You were the life of the party, constantly surrounded by giggling girls. And I was the cynical one, the one who never wanted to catch your eye. But somehow, I did, and I had only one thing to fear. What would happen if I fell in love with you?
In Tiger Shrimp, a young grocery clerk ponders a difficult question: what items can a customer morally shoplift? He would probably let slide a hungry thief making off with staples like bread, potatoes, or even a chicken, but when a man purloins a pound of fully cooked colossal tiger shrimp, the clerk--who happens to be a runner on his high school track team--decides to give chase.
In Idling, a young woman is not sure how to react when her date pulls his truck outside his old apartment, idles the engine, and proceeds to tell her a spooky story.
In Monkeys on My Mind, a young woman moves to New Delhi to be with her lover only to have her heart broken soon after arriving. To make matters much much worse, monkeys keep stealing all her food.
In Getting in Trouble, an elderly man who forfeited his driver’s license to a judge years ago becomes hungry and decides to drive to the store for some cereal. Now, if he could just figure out how to unlock the car.
In Piano Girl, a man enjoys listening to the young girl in the apartment next door practice playing the piano. Late one night, the man hears the girl sneak out of her apartment. Concerned about the girl’s safety, he follows her through dark streets to a jazz club.
In Off to College, a young woman sitting at a bus stop watches her ex pick up his new girlfriend in his shiny car.
In Money in the Jar, an aging restaurant owner named Doug is set in his ways, which explains why the new place up the street is stealing all his customers. The story poses a familiar question: Can you teach an old Doug new tricks?
In The Fugwheel of Floeness, little does our starry-eyed Alice know what befalls her when she receives an unannounced, pompous furry ball on a lonesome wintry evening. Mr. Pompeii Snoot draws to his full height of five indignant inches and bears strange tidings as snow blankets down their world.
In The Munro Marathon, a Scottish adolescent is distracted from his studies by football, his pending summer freedom, and Cathy Gentles, the beautiful girl in the short skirt sitting next to him in class.
In Theatrical Spirits, an impoverished man living in a troubled country takes on a new job as custodian of a haunted theater. As civil unrest becomes violent, can the elitist captain of the guard, a patron of the theater, be trusted?
In Synergy, a working mother bored with the unmerciful monotony of carting kids to daycare, wiping runny noses, and cooking endless dinners seeks passion in the arms of a dashing executive at the office.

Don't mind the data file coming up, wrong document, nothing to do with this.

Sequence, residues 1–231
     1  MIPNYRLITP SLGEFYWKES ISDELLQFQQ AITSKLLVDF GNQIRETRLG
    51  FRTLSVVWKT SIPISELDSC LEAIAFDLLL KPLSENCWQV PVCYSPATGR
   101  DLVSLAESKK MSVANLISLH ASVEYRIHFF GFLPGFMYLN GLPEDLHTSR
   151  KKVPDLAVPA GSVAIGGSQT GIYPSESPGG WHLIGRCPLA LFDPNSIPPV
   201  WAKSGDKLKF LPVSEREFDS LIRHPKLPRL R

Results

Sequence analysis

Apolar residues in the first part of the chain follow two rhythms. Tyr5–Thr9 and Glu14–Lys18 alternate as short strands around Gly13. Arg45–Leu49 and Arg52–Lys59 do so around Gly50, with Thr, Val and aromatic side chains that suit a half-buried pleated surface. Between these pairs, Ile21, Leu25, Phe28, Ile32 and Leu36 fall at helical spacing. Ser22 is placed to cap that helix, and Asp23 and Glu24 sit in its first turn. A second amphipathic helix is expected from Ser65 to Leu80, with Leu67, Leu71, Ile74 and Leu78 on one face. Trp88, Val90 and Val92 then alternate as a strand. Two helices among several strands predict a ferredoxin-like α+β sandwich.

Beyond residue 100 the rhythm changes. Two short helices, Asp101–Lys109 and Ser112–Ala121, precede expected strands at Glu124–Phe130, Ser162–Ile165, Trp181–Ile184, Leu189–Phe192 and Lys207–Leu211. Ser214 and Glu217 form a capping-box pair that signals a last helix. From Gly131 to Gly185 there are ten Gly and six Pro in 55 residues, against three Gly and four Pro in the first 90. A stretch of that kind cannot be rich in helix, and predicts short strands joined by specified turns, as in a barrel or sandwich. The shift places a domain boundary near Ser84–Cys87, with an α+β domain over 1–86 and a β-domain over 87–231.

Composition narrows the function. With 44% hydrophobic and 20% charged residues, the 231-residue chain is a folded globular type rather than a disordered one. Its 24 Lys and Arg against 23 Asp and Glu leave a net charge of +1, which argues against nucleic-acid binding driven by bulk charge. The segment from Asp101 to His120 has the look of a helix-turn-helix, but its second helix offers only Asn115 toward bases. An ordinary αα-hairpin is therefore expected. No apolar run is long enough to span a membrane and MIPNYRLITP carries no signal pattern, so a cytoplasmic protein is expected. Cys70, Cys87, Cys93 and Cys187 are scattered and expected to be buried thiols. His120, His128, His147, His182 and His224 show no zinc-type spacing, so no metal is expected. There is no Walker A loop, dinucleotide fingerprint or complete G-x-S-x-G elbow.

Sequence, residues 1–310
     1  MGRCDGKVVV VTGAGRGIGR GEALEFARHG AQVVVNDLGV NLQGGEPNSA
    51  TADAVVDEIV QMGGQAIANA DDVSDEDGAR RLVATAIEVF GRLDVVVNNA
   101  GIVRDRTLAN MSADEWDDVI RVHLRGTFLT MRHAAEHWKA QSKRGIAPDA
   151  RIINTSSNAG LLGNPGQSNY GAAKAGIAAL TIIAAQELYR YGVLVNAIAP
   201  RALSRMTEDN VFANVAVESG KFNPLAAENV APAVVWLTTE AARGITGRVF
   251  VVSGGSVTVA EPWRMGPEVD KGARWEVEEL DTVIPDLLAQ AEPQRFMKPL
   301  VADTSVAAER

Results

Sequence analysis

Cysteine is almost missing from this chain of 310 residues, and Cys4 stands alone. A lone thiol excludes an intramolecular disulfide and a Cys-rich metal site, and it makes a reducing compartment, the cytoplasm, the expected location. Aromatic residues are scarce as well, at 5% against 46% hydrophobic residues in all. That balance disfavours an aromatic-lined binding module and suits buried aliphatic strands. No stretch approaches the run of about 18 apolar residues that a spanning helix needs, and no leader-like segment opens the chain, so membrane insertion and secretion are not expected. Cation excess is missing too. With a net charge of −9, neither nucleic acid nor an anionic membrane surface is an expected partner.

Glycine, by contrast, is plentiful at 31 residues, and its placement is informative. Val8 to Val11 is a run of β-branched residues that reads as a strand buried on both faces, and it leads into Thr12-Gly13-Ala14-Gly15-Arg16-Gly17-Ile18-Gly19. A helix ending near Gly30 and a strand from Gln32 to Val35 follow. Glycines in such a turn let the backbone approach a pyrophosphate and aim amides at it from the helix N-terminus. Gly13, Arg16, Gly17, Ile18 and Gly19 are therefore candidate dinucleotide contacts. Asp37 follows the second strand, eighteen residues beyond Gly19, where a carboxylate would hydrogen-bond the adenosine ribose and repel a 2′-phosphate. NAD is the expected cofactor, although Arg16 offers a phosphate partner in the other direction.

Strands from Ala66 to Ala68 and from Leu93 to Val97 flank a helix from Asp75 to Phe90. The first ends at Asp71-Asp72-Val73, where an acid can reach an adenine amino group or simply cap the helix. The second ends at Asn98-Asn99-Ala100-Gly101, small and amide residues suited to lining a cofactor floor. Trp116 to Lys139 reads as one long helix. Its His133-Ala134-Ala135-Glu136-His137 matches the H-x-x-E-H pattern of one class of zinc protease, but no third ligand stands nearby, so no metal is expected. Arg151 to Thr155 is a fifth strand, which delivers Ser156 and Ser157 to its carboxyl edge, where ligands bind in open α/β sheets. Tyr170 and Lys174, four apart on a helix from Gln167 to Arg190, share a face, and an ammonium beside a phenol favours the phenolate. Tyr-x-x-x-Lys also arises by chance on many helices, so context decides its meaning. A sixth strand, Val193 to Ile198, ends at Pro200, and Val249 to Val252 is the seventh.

In Bake, Kelly and Prity, two middle-school teachers, prepare for the final day of school by making cupcakes in Prity’s kitchen. As the two young women crack eggs, mix batter, and spread icing, Kelly tries to hide the crush she has on her co-worker.
In The Good Baker, a young student takes a summer job at a local bakery with surprising consequences.
In God Alone Knows, a London-based reverend, who harbors a personal secret from his congregation, visits his ex-wife in Yorkshire in hopes of a fun weekend.
In A Black Morning, Celia wakes up on her fiftieth birthday, laments the wrinkles on her face and hands, and wonders why her husband is not lying beside her in bed. If he is off golfing, she’ll kill him!
In The Sunflower Girl, the guilt-ridden husband of a woman with breast cancer reluctantly rearranges his work calendar to meet his wife at a new clinic. Once there, he has an unexpected encounter with the patients in the waiting room.
In the Sailboat, an aging widower named Nick makes wooden furniture by hand for a living. When his customer visits to check on an order of rocking chairs, Nick must endure repeated inquiries into his mysterious side project: the crafting of a model sailboat.
In One Day in May, Erin, a young sign language teacher, tries to teach Graysie, her five-year-old deaf student, how to read a calendar. As hard as she tries, Erin cannot get Graysie to understand that May has come and gone and she must turn the page to June.
In The Ramp, a gruff school bus driver drops off a load of teenagers at an unoccupied field and tells them to “go have fun.” In the middle of the field sits a mysterious concrete ramp to nowhere.